In noisy or fast-moving markets, charts that map each single tick can either move too fast during volatile markets or they can give you too much market noise, charting each single tick-sized transaction that in the big scheme may give you very little meaningful information.

But by grouping ticks together–e.g., 10, 25, 50, or however large you want to make it–the overall shape of the price action may be less noisy and more meaningful. This is why many traders opt to bundle a preferred group of ticks for each chart.

How to Read Tick Charts

Reading a tick chart is similar to reading other charts. Often you will look for support and resistance, price breakouts, and trends. Because you are dealing with transaction-level measurements, you are most likely not looking for meaningful chart patterns (e.g. head and shoulders, cup and handle, etc.) that were designed to reflect patterns stemming from fundamental impetus.

So, when it comes to reading tick charts, it’s important to know how not to read them, or rather, how to avoid certain patterns that were designed to provide information on a more extensive (and fundamentally-driven) manner. In other words, don’t confuse noise for signal, particularly when the signal doesn’t appear as noise–as market randomness often doesn’t look random .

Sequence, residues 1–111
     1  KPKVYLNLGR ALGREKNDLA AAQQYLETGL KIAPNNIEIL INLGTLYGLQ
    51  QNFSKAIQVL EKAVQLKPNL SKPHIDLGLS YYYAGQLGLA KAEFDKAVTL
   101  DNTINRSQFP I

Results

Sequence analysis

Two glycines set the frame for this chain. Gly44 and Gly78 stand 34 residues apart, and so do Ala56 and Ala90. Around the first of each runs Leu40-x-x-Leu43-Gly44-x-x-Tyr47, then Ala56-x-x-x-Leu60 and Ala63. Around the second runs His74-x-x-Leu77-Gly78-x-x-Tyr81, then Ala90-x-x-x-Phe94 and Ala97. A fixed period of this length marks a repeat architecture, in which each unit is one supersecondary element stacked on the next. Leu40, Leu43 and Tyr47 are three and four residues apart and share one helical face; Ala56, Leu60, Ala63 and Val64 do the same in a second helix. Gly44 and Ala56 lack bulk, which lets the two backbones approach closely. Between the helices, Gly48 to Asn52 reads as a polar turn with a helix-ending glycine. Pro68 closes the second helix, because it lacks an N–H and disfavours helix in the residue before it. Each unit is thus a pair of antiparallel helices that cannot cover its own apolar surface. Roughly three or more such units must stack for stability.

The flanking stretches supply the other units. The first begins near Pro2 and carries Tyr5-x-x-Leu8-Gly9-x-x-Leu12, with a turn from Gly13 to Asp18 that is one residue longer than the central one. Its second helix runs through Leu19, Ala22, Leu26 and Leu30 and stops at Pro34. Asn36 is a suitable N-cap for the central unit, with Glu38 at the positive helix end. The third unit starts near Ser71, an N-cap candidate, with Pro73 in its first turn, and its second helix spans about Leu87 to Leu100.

Since you are dealing with lots of market noise when viewing tick charts, you may want to focus strictly on support and resistance, price breakouts, and ultra short-term trends. In short, approach the chart minimally and focus on the price action right in front of you.

By the same token, you might also want to be aware of key price levels on a wider time scale. After all, you don’t want to be unaware of major support and resistance just because you were too focused on the microscale that you couldn’t see the larger context surrounding it.

Look at the image above and notice that support and resistance, breakouts, and micro-trends appear similar to those you’d find in other charts. Since you’re likely dealing with micro movements, you might want to focus on that dynamic alone without adding any other unnecessary theoretical framework on top of it. It’s up to you, but remember that you’re dealing with more indeterminacy in this time frame than other larger time frames.

Also, remember that to get a feel of how tick charts work in real time, and more importantly, to get a sense of how to trade them, you need to experience trading these charts in a live market. Only then can you get a sense of how price moves, how liquidity affects price action, and how slippage can be mitigated or taken into account.